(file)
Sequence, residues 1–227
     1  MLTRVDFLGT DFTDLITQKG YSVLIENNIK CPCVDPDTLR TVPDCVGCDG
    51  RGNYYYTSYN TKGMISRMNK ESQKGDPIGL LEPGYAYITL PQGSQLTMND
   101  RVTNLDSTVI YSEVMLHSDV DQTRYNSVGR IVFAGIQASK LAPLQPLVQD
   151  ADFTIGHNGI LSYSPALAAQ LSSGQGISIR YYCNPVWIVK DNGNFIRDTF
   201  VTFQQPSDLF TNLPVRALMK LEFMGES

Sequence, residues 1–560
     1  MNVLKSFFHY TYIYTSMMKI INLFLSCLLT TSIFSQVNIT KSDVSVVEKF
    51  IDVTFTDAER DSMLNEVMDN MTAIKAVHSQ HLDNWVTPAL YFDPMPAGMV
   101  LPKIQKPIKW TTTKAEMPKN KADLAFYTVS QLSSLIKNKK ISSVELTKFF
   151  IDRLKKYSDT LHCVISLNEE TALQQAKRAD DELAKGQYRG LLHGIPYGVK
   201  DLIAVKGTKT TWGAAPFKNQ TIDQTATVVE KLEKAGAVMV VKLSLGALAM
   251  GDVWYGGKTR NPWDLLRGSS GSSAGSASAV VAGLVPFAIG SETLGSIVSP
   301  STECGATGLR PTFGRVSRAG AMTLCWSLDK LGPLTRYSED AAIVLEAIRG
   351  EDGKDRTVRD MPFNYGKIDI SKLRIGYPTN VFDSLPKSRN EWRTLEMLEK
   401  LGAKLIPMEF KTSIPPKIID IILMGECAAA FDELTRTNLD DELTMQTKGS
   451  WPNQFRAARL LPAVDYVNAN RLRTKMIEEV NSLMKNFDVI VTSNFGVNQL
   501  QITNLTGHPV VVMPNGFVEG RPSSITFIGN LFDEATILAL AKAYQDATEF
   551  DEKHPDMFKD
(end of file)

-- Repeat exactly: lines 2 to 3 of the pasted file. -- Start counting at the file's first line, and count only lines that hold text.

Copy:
     1  MLTRVDFLGT DFTDLITQKG YSVLIENNIK CPCVDPDTLR TVPDCVGCDG
    51  RGNYYYTSYN TKGMISRMNK ESQKGDPIGL LEPGYAYITL PQGSQLTMND